So, I was reading Alex Iamb’s fabulously acidic post down the page just now, and it got me thinking: how many poets really, truly, honestly, genuinely (cue sound of thesaurus snapping shut) perform with the audience in mind? How many of us do that? I mean, as Alex said, there’re poems we keep on the page because we know they have to stay there, and there’re poems we feel good about letting loose on real people – real people who’ve paid real money. But how many poets are self-aware enough to draw that line in the right place? How many poets have a real understanding of what an audience wants to hear?
I know I don’t, for one thing.
But now that I’ve got that conciliatory, self-deprecating remark out of the way, please ask yourself:
If you were an audience member, would you want to sit through a twenty-minute, four-part dissection of a relationship involving some poet, who you’ve only just met, and someone else, who you’ve never met at all? Her hair smelt great! I loved it when I kissed him, because it was wet and slurpy and he had this awesome full beard. But then he/she betrayed me/him/it and everyone else got bored, right?
And if you were an audience member, would you want to sit through twenty minutes of someone telling you, really really wild-eyed and hard, to do stuff you already do, or not to do stuff you already don’t do? Don’t drink and drive! Don’t buy intensively farmed meat and eggs! Do acknowledge the existence of climate change! HEAR ME ROAR, YOU SNOT-NOSED BUFTON TUFTON TORY PONCEWANGLERS YOU NEED TELLING YOU DO oh I didn’t realise you were of the left too oops shit oh balls.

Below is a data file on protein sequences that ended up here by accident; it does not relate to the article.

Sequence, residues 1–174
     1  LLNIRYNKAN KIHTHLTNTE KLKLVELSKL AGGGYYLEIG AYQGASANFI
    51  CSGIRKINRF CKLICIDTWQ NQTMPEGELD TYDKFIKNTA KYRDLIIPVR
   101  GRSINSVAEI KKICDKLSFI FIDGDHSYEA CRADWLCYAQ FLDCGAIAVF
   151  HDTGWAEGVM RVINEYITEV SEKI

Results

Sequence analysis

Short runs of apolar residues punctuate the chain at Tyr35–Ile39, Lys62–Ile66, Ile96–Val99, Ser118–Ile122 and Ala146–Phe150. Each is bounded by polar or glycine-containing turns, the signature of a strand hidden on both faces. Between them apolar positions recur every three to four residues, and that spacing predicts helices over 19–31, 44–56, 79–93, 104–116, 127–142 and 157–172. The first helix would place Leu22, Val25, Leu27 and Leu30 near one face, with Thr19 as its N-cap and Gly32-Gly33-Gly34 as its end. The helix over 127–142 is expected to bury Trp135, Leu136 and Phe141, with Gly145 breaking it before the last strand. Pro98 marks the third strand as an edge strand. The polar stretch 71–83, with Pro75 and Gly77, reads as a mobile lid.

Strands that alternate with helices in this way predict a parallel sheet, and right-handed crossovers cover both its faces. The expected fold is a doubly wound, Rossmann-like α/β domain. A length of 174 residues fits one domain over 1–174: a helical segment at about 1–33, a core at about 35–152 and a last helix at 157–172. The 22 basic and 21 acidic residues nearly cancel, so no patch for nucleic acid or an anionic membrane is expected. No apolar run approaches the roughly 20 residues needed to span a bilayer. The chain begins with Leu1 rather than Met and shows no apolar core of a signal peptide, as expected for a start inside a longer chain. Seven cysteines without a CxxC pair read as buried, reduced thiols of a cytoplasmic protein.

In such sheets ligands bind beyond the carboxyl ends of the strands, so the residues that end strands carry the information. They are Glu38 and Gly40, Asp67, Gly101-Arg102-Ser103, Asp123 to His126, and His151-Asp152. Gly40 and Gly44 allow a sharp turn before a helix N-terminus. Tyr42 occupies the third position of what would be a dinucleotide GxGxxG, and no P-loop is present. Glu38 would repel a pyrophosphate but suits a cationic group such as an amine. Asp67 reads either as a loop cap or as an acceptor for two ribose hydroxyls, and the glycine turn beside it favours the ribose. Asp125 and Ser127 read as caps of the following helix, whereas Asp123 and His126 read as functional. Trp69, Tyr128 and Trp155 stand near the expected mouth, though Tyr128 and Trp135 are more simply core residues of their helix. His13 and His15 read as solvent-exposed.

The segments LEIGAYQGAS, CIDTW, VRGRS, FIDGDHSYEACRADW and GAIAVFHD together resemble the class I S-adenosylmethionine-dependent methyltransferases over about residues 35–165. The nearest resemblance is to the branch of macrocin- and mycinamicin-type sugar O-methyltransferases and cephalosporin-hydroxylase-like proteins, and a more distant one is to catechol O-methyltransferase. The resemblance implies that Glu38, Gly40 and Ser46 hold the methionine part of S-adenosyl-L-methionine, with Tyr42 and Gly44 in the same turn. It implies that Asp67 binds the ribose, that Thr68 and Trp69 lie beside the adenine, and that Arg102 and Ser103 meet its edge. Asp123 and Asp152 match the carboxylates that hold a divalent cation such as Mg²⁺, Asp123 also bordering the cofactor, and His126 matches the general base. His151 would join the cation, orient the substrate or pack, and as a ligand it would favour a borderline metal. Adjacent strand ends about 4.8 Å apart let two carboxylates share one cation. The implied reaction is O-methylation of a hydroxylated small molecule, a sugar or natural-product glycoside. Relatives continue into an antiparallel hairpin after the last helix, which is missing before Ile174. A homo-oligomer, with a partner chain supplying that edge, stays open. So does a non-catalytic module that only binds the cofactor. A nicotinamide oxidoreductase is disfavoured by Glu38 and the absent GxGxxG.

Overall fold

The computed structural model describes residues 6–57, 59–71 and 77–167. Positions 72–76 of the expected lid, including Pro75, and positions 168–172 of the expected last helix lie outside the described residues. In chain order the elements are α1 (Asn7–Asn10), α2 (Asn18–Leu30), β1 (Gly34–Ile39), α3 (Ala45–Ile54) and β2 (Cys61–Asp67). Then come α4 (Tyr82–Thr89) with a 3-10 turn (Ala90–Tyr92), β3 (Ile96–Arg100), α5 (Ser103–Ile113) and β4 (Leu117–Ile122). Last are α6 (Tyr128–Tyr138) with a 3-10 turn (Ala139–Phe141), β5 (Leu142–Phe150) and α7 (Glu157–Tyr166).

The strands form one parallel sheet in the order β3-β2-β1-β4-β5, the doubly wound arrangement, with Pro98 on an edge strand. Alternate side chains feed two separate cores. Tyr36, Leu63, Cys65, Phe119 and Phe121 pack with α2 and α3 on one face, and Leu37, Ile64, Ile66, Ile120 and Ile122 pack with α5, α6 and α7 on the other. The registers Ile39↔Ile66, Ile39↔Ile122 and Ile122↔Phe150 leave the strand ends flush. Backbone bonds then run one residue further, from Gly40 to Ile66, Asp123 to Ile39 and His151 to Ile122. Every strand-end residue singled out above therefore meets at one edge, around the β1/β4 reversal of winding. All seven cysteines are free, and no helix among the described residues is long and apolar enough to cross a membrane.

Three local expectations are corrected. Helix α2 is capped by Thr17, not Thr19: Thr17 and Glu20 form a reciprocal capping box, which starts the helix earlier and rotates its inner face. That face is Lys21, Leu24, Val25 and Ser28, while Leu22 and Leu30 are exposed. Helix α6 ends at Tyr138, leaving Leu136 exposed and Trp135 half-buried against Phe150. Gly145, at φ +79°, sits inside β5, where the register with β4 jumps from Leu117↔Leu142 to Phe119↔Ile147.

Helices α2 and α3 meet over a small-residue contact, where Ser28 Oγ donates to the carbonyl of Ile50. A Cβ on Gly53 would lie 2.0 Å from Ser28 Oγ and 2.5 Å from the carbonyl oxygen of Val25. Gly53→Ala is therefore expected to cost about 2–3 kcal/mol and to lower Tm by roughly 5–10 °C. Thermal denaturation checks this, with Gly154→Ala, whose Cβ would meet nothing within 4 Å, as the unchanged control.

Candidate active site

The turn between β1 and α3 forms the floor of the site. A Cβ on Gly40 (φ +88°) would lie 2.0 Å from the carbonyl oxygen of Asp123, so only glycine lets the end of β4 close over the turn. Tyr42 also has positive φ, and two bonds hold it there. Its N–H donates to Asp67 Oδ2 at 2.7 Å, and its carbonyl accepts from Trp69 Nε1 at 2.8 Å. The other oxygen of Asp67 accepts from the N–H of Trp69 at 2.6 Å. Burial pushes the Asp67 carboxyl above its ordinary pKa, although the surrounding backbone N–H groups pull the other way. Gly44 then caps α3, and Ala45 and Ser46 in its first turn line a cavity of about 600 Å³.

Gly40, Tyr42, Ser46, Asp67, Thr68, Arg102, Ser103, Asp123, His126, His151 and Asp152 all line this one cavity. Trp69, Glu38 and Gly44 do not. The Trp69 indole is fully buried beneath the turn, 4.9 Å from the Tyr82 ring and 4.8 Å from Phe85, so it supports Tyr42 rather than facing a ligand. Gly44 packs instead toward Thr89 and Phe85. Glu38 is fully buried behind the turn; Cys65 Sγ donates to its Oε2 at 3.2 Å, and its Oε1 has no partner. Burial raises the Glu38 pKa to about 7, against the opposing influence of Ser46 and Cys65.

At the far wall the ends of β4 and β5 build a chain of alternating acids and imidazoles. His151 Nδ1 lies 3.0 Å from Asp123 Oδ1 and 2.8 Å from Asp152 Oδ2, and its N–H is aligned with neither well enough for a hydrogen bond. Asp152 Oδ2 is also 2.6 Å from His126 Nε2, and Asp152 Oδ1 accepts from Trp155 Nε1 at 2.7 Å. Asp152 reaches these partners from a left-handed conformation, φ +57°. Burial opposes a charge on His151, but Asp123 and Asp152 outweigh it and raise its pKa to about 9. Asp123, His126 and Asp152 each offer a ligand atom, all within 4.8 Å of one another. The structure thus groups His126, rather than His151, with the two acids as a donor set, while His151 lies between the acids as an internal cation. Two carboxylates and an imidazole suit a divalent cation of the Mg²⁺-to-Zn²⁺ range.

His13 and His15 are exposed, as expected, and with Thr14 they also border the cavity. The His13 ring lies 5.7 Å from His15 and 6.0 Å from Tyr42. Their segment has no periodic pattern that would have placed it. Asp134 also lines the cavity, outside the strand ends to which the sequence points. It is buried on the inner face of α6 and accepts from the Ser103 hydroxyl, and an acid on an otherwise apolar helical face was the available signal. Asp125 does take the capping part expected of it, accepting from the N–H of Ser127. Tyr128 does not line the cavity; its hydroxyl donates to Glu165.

And if you were an audience member, would you want to hear someone ruin a perfectly good set of words by doing it in this rubbishy sing-song voice NO-one USes WHEN they’re TALKing?
And if you were an audience member, would you tolerate someone saying stuff so damned quickly all you hear is ‘ation in the ation and the ation for the imity and the anity and the itis for the esis and the osis and I’m done cheers mate cheers mate’?
And if you were an audience member, would you, having heard one ten-minute-long poem and then another ten-minute-long poem and then another, want to sit through… yet another? Or would you be praying for that poet to shut the hell up and let someone else do some damned haikus, or something, anything but this?
What I’m not saying – and this really isn’t what I’m saying – is that all love poetry, or political poetry, or highoctanefastfastfast poetry, or looooooong poetry is bad. Although, let’s be honest, that singy-songy voice thing is, yep, pretty much always terrible.
What I AM saying, though, and this goes for promoters as well as poets, is that range is good. It’s a tautology, but a good mix of poems and poets is good. If a poet who focuses on our darker, more serious corners turns out to be hilarious as well, then yay. If a poet who seems to be mostly about shouting and knob gags turns out to be thoughtful, too, then hurrah. Hurrah! Hurrah hurrah hurrah!
So there endeth the lesson. And if I’ve just spent the past 550 words preaching to the converted, then I do *sincerely* apologise for being a big, smelly hypocrite.
Niall Spooner-Harvey won the Farrago London Slam Championship in his first apearance in poetry competition ever in November 2004, and in his third, he won the UK London Slam championship. His book, Only Not Walking was released in July 2006.